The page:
FACEBOOK users may have an input into where budget cuts fall, the Finance Department has suggested.
With the Government desperate to find another €3 billion worth of “savings” in the December budget, ministers are watching with interest a new British initiative to get public involvement in fiscal belt- tightening via the internet.
David Cameron’s Liberal-Conservative administration has struck a ground- breaking deal with Facebook to encourage ideas from voters on where to cut state spending.
Online users can register their ideas at Facebook’s “spending challenge channel” and British cabinet ministers plan to organise “road shows” to discuss cuts on foot of the initiative.
The Finance Department here is following the project, but no immediate move to imitate it is planned.
“We are aware of what the British Treasury is doing.
“It could become the minister’s pet project, but we have no plans to follow suit at the moment — but you can never rule anything out,” a spokesman for Brian Lenihan said.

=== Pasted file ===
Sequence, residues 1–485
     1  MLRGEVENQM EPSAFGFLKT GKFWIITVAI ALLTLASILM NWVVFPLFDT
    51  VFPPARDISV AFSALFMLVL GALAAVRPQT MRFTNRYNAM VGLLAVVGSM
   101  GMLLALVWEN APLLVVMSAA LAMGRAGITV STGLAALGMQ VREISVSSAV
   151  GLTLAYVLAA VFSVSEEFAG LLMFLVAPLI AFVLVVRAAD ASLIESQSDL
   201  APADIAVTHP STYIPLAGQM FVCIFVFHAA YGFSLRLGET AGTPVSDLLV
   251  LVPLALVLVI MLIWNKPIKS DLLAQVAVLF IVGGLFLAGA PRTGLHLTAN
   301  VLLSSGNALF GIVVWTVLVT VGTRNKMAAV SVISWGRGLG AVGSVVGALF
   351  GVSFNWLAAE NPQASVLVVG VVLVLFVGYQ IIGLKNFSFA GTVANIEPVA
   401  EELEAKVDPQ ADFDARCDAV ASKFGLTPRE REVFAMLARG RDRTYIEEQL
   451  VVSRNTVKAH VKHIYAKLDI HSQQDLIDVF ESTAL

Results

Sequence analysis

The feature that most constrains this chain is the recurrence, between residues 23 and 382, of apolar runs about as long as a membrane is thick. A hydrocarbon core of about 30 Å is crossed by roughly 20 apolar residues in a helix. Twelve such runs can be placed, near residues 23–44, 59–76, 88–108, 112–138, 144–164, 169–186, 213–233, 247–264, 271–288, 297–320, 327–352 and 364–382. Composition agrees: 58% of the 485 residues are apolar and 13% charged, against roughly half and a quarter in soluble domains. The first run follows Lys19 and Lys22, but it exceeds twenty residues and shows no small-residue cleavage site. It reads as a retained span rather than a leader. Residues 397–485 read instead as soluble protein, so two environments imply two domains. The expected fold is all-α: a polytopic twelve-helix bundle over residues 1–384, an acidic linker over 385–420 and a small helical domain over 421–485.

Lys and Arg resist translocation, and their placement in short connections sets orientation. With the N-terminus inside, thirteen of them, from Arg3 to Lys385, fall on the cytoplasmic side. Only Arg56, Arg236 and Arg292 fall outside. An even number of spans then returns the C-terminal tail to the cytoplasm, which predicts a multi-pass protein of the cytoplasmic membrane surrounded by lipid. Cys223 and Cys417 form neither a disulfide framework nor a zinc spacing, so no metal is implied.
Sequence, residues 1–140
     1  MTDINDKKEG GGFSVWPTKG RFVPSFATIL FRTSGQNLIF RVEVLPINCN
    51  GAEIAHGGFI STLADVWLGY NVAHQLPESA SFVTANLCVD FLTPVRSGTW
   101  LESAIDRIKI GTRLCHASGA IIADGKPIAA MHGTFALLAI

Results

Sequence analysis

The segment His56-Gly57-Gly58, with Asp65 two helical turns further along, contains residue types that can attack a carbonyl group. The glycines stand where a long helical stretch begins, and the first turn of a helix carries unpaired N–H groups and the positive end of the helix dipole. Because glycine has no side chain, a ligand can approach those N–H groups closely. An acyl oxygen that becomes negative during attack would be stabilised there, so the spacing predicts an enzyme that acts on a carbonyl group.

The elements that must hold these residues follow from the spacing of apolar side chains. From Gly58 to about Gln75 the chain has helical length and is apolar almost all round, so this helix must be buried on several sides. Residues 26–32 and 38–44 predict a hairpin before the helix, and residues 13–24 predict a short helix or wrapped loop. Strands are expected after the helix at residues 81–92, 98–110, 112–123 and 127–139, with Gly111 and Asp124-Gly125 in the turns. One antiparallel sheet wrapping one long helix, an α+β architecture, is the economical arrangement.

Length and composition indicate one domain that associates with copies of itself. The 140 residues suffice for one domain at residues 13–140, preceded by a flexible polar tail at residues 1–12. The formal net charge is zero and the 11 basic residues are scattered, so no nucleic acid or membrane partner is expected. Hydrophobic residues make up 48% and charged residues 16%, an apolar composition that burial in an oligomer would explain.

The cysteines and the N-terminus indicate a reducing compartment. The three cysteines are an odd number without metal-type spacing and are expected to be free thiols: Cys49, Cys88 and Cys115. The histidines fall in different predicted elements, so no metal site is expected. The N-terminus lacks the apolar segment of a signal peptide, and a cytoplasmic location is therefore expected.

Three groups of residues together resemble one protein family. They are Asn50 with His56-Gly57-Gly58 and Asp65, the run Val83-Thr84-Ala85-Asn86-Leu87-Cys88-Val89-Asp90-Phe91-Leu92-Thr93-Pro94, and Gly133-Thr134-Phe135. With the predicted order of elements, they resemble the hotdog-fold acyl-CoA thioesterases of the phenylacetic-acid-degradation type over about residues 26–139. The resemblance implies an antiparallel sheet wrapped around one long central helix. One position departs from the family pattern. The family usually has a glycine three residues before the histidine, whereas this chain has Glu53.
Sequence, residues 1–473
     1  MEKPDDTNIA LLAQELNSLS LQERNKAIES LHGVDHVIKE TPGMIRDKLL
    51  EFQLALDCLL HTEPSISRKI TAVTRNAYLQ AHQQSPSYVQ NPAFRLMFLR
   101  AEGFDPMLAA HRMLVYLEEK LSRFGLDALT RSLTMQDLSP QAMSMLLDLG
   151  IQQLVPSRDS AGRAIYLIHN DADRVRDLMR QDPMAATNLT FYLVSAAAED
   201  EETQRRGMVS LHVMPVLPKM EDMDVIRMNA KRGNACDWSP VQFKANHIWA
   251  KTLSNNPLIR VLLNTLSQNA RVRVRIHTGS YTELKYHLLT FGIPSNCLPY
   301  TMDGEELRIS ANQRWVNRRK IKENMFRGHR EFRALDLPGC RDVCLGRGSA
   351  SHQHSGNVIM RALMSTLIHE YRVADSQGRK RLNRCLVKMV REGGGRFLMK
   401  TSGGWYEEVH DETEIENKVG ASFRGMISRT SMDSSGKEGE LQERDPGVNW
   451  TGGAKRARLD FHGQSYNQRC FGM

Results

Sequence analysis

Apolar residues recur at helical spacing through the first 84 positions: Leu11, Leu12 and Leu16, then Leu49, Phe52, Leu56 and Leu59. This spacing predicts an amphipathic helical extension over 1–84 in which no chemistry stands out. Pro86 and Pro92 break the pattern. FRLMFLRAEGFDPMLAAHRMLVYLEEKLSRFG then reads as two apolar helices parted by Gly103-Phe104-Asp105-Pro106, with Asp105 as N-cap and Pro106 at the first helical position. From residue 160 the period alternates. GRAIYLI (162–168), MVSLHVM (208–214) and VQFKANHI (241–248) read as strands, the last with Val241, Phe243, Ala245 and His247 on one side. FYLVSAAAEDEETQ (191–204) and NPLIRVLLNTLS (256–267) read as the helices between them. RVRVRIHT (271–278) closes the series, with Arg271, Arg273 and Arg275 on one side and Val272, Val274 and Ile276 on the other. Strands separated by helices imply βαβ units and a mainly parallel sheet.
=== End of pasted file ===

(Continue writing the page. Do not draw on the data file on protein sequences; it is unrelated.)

Labour’s finance spokes- woman, Joan Burton, urged the Government to embrace the idea: “It would certainly get more people engaged in the political process and a lot of people out there have a good hands on knowledge of how things work and would be able to suggest where to get rid of things like top heavy administration so money can be diverted to frontline services and away from red tape.
“This Government is so clueless when it comes to the economy any outside help would be welcome.”
British Prime Minister David Cameron said the Facebook initiative would help target cuts away from the vulnerable.
“We are really excited about having Facebook involved in the spending challenge. There’s enormous civic spirit where people want to take control and do things in a different way. We are giving people an opportunity with Facebook and I am sure that they will take it,” he said.
Facebook chief executive, Mark Zuckerberg said: “It’s really innovative to open up policy making and engage the public in this way to try and create more social change.”
The move is part of a wider British government consultation process which has seen more than 60,000 responses in the past three weeks on how public services can save money, including ideas like merging back-office services for public sector organisations, renegotiating government IT contracts, and switching off office computers over the weekend.
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